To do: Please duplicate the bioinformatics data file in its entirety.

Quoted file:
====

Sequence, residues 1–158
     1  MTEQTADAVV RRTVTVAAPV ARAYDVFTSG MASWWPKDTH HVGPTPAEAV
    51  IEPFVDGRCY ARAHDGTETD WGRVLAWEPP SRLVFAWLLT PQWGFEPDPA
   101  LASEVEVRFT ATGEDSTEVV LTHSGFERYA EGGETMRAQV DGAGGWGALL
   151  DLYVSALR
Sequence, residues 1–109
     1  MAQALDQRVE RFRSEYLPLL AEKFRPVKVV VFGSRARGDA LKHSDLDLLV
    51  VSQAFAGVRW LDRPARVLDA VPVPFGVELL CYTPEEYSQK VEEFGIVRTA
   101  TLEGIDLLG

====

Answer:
Sequence, residues 1–158
     1  MTEQTADAVV RRTVTVAAPV ARAYDVFTSG MASWWPKDTH HVGPTPAEAV
    51  IEPFVDGRCY ARAHDGTETD WGRVLAWEPP SRLVFAWLLT PQWGFEPDPA
   101  LASEVEVRFT ATGEDSTEVV LTHSGFERYA EGGETMRAQV DGAGGWGALL
   151  DLYVSALR
Sequence, residues 1–109
     1  MAQALDQRVE RFRSEYLPLL AEKFRPVKVV VFGSRARGDA LKHSDLDLLV
    51  VSQAFAGVRW LDRPARVLDA VPVPFGVELL CYTPEEYSQK VEEFGIVRTA
   101  TLEGIDLLG